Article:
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From The New Yorker

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Our friend Poco has done it again. Somewhere in the past week or so, he tangled with another cat, and this week he developed an abscess above his right eye. When the vet saw him he said : “Darn, Poco, we’re going to have to get you an abscess punch card, so you get a free one once in a while.”

What this all meant was anesthesia, surgery, antibiotics, and a sad-looking cat with a bad shave. He does look pathetic. But … it doesn’t have to be this way. We’ve had the talk. Over and over.

Our cat Willow never gets into fights. Never needs surgery. She simply turns around when confronted and runs away at just the right speed. But Poco forgets that he’s 100 years old, has fewer teeth than he once did, and charges right at any and all cat intruders into our yard. I would admire his pluck if it weren’t for the veterinary visits and the periods of illness. Sheesh.

It’s like living with Feline Rambo, The Perpetual Sequel.

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Saturday night and I’m holding court on the little front patio in front of our home, Willow the cat is lying nearby as my support animal. Our part of the neighborhood is sleepy and still sunny at nearly 8 PM. Nick Drake is singing from the Great Beyond, his Pink Moon album. He is in remarkably good voice for a guy who passed away in 1974. Couldn’t tell, really, by listening.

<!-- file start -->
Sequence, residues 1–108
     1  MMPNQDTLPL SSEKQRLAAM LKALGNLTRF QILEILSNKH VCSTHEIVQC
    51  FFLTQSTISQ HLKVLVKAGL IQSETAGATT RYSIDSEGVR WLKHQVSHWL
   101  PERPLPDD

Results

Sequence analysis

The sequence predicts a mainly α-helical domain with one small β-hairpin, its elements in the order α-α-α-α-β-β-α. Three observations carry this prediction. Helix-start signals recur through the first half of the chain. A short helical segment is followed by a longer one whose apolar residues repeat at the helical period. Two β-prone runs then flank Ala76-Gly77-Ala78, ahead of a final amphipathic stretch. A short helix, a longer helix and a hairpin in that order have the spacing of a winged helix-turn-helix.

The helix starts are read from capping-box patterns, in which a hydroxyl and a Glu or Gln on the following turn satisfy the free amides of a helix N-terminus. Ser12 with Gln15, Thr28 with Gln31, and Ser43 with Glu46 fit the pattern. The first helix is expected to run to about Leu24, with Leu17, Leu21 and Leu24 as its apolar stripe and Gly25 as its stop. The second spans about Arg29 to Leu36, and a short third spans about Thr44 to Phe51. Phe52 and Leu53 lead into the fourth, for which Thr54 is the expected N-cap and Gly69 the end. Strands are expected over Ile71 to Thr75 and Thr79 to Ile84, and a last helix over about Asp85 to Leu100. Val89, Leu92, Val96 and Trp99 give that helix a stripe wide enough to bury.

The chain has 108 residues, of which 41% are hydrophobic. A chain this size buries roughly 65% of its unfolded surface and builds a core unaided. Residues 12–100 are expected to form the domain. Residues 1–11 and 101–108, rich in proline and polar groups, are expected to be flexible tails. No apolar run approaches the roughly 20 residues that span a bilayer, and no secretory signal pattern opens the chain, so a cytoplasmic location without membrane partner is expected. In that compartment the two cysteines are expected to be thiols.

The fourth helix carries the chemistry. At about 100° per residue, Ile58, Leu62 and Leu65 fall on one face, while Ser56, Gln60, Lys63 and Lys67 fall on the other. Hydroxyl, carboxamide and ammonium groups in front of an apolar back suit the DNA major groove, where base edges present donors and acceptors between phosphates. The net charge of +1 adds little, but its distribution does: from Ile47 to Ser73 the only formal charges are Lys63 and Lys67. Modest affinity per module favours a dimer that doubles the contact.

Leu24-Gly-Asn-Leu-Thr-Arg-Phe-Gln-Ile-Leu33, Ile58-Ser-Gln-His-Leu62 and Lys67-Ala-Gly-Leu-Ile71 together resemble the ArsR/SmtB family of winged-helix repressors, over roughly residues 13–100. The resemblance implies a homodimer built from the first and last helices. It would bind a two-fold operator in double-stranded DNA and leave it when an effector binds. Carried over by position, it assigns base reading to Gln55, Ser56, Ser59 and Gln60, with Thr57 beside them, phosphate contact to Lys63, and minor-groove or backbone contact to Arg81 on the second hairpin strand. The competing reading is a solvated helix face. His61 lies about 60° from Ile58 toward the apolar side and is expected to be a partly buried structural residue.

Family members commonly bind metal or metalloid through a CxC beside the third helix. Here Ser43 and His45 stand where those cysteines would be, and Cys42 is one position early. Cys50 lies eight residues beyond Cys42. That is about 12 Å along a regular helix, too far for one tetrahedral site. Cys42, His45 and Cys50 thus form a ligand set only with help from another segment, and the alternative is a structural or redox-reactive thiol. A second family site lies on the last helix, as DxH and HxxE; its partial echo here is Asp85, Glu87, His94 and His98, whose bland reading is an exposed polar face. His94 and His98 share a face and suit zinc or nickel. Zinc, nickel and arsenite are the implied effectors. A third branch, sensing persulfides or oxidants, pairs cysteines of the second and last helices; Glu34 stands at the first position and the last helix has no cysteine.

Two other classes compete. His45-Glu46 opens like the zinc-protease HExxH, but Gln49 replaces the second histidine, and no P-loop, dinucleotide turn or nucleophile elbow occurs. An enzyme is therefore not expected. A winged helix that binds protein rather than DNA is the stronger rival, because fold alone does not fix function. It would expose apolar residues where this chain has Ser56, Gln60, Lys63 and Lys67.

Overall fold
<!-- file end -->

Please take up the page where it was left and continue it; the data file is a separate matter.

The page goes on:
It is 56 degrees and windless. Robin is off to Durango while I mind the feline outpatient department. The report is that all are doing well there, and that the mothers are being treated with the respect due them.

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Say What? … She What? … But I Just Talked To Her …

On Monday a friend of Robin’s, a lady of 87 years, was perky and going through her regular routines and looking forward to Zoom Bible Study on Tuesday, but that evening she passed away. Quietly, no fuss, no drawn-out or painful rite of passage. Two eyes closed in the evening and the last chapter in her personal story on Earth was written.

As always the finality of death was shocking, even when it comes to someone at that stage of her life. You can’t shuffle off this mortal coil at 87 without disturbing everybody you know, not even then. Her friends weren’t yet ready to say goodbye. For me it has always been that irreversibility, that complete resistance to petitioning, that refusal to listen to reason that has sometimes greatly pissed me off about death. The absolute lack of recourse.